As reported earlier this month, the Patented Medicine Prices Review Board has published a new draft of its guidelines and launched a 30-day written consultation period.

While the law and regulations have already been passed, the implementation has been delayed from July 1, 2020 to Jan. 1, 2021. The new draft guidelines are in response to stakeholder feedback on an earlier draft that was released in November 2019 for an 85-day consultation period.

Read: PMPRB to publish new draft guidelines, open up final consultation

“PMPRB guidelines are necessary to operationalize regulatory amendments,” says Suzanne Lepage, a private health plan strategist. “The guidelines outline the mechanisms of how PMPRB staff will administer the regulations and how pharmaceutical companies should comply with the filing requirements.”

The new legislation and regulations have already created two new drug categories, she notes. “Once PMPRB has classified new patented drugs as either high or low priority based on their anticipated impact on Canadian consumers, the high priority drugs are subjected to a more comprehensive price review.”

In the new draft guidelines, the thresholds for identifying high-priority drugs has changed. “It will take time before industry drug pricing experts can analyze and determine the full impact of these new draft guidelines on Canadian drug prices and the pharmaceutical market,” says Lepage.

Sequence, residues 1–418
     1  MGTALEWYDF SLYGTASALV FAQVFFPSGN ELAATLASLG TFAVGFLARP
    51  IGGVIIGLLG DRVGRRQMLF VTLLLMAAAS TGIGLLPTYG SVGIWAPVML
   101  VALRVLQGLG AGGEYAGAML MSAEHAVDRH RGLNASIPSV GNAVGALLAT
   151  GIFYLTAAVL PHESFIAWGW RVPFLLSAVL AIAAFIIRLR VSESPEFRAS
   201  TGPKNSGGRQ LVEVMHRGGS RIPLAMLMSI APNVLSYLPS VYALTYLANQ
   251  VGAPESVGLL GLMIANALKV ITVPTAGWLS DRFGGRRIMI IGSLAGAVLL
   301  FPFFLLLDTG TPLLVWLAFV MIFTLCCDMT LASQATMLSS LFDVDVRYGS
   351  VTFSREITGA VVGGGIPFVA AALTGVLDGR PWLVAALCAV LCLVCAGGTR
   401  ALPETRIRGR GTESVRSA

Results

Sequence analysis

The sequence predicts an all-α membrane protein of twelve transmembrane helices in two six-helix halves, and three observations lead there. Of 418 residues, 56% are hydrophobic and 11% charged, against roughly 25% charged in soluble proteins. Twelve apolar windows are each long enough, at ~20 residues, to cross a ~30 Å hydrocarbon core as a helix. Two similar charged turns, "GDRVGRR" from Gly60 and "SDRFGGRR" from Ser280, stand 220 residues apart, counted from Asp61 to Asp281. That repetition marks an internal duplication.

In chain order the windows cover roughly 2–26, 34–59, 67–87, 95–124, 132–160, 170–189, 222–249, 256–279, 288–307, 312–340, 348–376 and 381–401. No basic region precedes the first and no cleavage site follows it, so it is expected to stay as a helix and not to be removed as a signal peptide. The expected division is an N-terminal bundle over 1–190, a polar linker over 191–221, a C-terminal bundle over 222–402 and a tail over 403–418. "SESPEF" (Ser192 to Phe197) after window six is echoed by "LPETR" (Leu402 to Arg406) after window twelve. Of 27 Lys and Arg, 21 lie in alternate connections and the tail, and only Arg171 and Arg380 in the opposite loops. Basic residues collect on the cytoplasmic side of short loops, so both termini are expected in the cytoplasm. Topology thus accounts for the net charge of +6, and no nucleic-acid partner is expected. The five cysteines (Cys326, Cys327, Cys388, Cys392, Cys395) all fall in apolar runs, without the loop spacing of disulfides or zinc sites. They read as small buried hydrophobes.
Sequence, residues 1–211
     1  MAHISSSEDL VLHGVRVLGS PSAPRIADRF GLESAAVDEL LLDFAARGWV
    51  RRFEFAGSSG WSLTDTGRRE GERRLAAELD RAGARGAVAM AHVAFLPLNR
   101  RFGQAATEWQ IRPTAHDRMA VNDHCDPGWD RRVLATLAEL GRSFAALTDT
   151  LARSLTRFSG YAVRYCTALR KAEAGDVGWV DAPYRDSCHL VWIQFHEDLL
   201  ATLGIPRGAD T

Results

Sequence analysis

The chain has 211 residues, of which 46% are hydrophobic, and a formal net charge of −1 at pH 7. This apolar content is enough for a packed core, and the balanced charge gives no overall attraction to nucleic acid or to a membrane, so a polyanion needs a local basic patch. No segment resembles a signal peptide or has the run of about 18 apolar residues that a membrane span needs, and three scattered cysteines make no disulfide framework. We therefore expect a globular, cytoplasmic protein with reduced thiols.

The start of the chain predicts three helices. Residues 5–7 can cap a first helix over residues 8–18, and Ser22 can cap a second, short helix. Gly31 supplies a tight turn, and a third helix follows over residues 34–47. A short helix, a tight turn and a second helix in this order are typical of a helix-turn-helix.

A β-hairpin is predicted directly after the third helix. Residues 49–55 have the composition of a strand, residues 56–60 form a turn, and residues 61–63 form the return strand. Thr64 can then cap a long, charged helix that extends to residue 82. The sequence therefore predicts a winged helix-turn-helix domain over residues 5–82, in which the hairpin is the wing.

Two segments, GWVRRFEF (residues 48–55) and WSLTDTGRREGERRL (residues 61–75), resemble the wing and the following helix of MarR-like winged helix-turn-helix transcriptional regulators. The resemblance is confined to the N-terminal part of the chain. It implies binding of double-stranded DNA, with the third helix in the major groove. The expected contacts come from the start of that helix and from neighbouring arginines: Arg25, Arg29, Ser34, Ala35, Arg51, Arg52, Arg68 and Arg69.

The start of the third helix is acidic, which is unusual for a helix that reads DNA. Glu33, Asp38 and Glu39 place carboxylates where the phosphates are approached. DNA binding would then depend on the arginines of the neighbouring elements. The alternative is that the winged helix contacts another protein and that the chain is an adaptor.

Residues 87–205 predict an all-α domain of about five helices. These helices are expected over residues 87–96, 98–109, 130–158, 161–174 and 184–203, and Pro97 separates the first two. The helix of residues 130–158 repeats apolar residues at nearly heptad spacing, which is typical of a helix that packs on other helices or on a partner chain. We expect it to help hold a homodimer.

Read: What will PMPRB drug pricing changes mean for plan sponsors?

In a statement, Innovations Medicine Canada said it will be examining the revised guidelines closely, in consultation with its members.

“We remain deeply concerned about the impact the amended patented medicines regulations will have on Canadians’ access to affordable, innovative medicines and on the country’s ability to attract investment to our life sciences sector. As the COVID-19 crisis has shown, Canada’s innovative medicines companies are vital to the health and well-being of all Canadians and we need a regulatory environment that encourages it to grow and thrive. We look forward to actively participating in the 30-day consultation process.

“It is not too late to find a solution that will prevent negative consequences of the amended regulations, while still allowing the federal government to meet their public policy objectives.”

Read: Proposed PMPRB changes could limit Canada’s access to new drugs: report

The PMPRB will also be hosting two webinars on the new draft guidelines. The first, on June 29, is for the industry and the second, on July 8, is for the public. It will also host three research webinars on topics expected to inform the consultation:

  • On June 23 — Insight into spending on expensive drugs for rare diseases and insights into market size for patented medicine in Canada;
  • On July 6 — Drug pricing and its impact on R&D investments, clinical trials and availability of medicines in Canada; and
  • July 16 — Drug shortages in Canada.

Visit the PMPRB for more information or to register for the webinars.

Read: Pharma companies launching challenge to PMPRB changes